Just down the street from the White House is a tall, tan building with a green awning – Blair House. Its official function is as a presidential guest house – that is, guests of the president stay here. And “here” actually means Blair House plus the adjoining houses – four buildings in all, comprising over 60,000 square feet and managed by a staff of 18. I guess the president has a lot of guests!
The house also served as temporary presidential quarters during the Truman Administration – engineers found the White House so structurally unsound that it was not considered safe for the First Family to stay there, so the Trumans moved down Pennsylvania Avenue for a time while crews conducted their repairs. It was here at Blair House that on November 1, 1950, two members of a Puerto Rican nationalist movement attempted to storm the house and kill the president.
These two were not precision planners – in fact, they weren’t even sure the president was home – but they went ahead anyway, opening fire as they approached the front steps. They wounded three guards – one of them, Leslie Coffelt, was mortally wounded, but managed to return fire and kill one of the attackers at the front steps. Other guards shot the second man, who was wounded but survived. The whole encounter lasted just 38 seconds.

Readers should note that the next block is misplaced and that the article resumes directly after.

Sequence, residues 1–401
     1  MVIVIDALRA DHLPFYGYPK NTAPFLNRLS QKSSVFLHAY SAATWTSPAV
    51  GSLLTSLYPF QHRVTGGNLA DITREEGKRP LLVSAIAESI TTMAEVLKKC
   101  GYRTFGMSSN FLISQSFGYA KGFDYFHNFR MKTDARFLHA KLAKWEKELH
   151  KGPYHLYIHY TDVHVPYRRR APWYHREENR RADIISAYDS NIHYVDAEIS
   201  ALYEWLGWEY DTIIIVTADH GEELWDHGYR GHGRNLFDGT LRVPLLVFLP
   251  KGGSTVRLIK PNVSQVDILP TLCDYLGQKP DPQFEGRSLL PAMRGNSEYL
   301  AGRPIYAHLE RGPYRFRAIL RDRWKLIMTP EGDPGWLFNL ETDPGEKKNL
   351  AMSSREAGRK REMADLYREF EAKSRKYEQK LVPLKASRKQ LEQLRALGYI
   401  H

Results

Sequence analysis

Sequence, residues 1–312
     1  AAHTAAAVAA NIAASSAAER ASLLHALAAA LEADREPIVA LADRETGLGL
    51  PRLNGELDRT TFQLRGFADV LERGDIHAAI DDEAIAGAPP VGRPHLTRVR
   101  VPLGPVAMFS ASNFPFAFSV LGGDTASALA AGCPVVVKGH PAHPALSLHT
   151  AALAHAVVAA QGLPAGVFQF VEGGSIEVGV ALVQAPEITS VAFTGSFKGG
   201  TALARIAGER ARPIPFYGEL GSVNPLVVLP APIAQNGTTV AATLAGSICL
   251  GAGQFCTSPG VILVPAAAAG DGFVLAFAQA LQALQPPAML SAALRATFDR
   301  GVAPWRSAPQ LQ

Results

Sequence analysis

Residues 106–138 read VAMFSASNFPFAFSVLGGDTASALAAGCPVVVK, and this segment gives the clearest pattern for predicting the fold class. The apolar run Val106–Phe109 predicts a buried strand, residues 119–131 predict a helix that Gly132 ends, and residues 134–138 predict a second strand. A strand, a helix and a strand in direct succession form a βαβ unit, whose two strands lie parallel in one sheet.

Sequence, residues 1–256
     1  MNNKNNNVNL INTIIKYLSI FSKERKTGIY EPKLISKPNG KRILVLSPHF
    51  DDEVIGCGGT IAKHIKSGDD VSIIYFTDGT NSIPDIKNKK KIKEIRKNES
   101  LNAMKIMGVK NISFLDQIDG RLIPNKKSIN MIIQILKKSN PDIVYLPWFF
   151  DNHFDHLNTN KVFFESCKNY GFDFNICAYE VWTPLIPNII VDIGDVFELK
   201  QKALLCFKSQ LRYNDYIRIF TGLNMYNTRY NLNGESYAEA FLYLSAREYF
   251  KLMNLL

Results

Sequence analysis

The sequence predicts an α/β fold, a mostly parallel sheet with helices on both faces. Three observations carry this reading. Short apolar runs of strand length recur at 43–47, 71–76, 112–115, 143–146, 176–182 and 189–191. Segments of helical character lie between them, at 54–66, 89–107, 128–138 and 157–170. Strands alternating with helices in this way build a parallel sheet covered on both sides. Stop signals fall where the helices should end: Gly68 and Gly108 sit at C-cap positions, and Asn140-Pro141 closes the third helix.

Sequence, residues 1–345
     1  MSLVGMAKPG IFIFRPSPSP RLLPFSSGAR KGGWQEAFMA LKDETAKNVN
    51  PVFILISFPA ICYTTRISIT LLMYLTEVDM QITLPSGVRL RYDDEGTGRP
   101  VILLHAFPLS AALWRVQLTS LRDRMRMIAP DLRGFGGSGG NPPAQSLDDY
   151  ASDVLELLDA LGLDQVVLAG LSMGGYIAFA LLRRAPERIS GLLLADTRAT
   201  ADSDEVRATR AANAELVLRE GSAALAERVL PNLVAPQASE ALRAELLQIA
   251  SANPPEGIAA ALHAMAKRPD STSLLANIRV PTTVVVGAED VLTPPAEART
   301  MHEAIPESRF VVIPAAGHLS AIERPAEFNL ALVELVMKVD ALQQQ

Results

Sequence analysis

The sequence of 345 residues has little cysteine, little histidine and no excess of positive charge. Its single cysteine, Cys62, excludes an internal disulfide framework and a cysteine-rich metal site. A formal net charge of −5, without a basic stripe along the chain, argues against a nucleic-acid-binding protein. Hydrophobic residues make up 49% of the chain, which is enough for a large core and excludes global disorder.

Truman was, in fact, home at the time; he was upstairs taking his afternoon nap when the gunfight broke out and quickly chose the most reckless course of action: he ran to the window to see what was going on. Fortunately by then it was all over, but the guards waved the president back into the residence just the same. Truman was unfazed – “A President has to expect these things,” he said – and went about the rest of his day without a hitch.
Today you’ll find few public reminders of these events, though if you look closely at the gate in front of Blair House, you’ll find a plaque in honor of Leslie Coffelt – “White House policeman who gave his life in defense of the president of the United States here at Blair House, November 1, 1950.”